Census

Can Congress save the 2020 census?

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To cope with budgetary constraints and IT cost overruns, the Census Bureau has had to suspend or cancel programs designed to save billions of dollars.

With just three more appropriation cycles before the decennial count, census experts and the bureau's former director are looking to Congress to ramp up funding and oversight down the home stretch to avoid a failed count.

At the beginning of the decade, based on the bureau's early estimate, Congress placed a $12.5 billion cap on the full lifecycle cost of the government's largest civilian undertaking, the data from which helps direct about $600 billion in annual funding nationwide, according to a new study from George Washington University.

However, underfunding and repeated continuing resolutions -- along with well-documented IT cost overruns -- have prompted Census to cut or suspend some of its innovative programs, and the projected $5 billion cost savings now appears in jeopardy.

Former Census Director John Thompson told FCW he's keeping an eye on the outcomes of 2018 dress rehearsal and planned Census Bureau communications campaign to promote partnerships with localities as forerunners to a successful decennial.

The communications campaign and 2018 end-to-end test, which was recently scaled back, "will be incredibly important for them to get things going," he said.

As part of its $2-plus billion IT toolkit, Census awarded its Integrated Communications contract, worth a ceiling value of $415 million, to the marketing firm Young and Rubicam in 2016 to design an awareness program to promote self-response and limit expensive in-person follow-ups by enumerators. However, earlier this year, the development of the bureau's communications campaign -- among other programs -- was paused due to budget uncertainty caused by the continuing resolution.

"The Census Bureau has to get the appropriations to put money into the contracts," Thompson pointed out, adding the communications campaign is "the big, important thing to get money put into."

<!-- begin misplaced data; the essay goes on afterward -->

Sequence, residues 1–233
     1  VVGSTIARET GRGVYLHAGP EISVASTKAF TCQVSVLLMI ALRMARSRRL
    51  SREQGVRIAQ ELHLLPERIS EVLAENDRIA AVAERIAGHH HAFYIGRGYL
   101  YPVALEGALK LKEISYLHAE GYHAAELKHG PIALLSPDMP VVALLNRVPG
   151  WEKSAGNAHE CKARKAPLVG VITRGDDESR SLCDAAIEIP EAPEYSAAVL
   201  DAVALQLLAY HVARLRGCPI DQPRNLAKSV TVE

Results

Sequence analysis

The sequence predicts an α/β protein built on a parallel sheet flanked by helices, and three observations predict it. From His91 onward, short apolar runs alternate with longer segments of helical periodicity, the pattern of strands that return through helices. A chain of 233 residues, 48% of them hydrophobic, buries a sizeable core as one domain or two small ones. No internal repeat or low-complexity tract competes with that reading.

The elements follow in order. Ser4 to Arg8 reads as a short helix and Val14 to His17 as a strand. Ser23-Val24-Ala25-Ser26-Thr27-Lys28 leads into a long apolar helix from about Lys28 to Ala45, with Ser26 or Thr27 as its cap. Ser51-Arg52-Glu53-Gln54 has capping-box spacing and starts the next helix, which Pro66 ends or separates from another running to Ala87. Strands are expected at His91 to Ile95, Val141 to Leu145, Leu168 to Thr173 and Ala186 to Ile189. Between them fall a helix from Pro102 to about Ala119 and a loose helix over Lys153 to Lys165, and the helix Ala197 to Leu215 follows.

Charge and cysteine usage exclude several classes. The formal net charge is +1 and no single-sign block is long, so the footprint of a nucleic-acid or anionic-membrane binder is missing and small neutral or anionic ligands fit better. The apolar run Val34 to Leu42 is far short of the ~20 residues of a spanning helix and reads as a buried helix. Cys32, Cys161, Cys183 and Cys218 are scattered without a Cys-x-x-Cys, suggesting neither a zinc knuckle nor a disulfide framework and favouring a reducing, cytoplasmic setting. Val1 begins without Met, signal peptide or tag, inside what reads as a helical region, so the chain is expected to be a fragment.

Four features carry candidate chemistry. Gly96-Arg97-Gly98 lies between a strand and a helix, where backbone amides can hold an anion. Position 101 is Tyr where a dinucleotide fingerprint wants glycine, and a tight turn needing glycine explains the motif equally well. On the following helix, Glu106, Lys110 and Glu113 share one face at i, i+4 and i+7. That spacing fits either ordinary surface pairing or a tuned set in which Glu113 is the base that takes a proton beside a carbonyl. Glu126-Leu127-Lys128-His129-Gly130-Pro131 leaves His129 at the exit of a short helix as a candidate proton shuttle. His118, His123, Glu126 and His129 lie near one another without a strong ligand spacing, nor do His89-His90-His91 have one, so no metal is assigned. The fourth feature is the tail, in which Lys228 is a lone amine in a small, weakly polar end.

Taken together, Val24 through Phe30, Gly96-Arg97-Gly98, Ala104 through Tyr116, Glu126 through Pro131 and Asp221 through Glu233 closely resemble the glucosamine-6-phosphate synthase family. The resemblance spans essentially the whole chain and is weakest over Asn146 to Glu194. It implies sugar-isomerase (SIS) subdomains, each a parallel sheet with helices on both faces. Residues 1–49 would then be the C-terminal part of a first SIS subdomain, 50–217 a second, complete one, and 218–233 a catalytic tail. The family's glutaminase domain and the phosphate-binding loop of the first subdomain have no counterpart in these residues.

Making sure the communications campaign is a priority "will be key to boosting participation and keeping costs under control," said Terri Ann Lowenthal, who has provided census oversight as a congressional aide, presidential transition team member and private consultant on decennials dating back to the 1990 count.

If another continuing resolution is in store this time around, Thompson, who now serves as the head of the nonprofit Council of Professional Associations on Federal Statistics, said he's not sure the Census is going to ask for any additional money, "because there's not a big difference between the actual appropriated level for 2017 and the House and Senate marks for 2018."

Lowenthal agreed that while there isn't a dramatic difference, she made clear that in her opinion, neither amount is sufficient. Programs such as the communications campaign and its local partnership outreach "will fall even further behind," she said.

Congress's commitment to an accurate 2020 Census will play out with its willingness to provide  catch-up funding.

"The really big thing is going to be the 2019 budget," said Thompson. Sufficient 2019 funding can help correct any technological or operational hiccups in the 2018 test, but recent operational changes "are going to increase the cost in 2019" over the $2 billion requested by the bureau in 2016, he added.

The bureau still lacks a reliable full lifecycle cost estimate. Census, along with a task force put together by Commerce Secretary Wilbur Ross, is working on developing a new estimate to be released in the fall.

Lowenthal noted it's not just funding that Congress needs to catch up on.

So far, the House Oversight and Government Reform Committee, which held two Census oversight hearings in 2016, has not done so in 2017.

A Capitol Hill source told FCW new  Oversight chairman Rep. Trey Gowdy (R-S.C.) plans to hold one sometime this fall, but a date has not yet been set.

The bureau has been operating without a presidentially appointed director since Thompson's retirement went into effect June 30.

A successful director, Thompson said, does not necessarily need previous Census, or even governmental, experience, but should be "someone who understands how to run a big organization ... that's doing a lot of high-tech work."

In a Washington Post column published Aug. 25, two former directors (though not Thompson) called on the Trump administration to appoint a new Census chief and asked Congress to ramp up funding for the decennial population count.

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